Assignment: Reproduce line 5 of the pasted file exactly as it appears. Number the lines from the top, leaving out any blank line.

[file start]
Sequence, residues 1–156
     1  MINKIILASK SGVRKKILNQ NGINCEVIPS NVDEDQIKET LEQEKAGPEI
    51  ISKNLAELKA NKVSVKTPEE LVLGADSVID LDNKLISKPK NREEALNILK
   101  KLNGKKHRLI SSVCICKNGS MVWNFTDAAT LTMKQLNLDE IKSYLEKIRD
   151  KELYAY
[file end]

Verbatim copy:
   151  KELYAY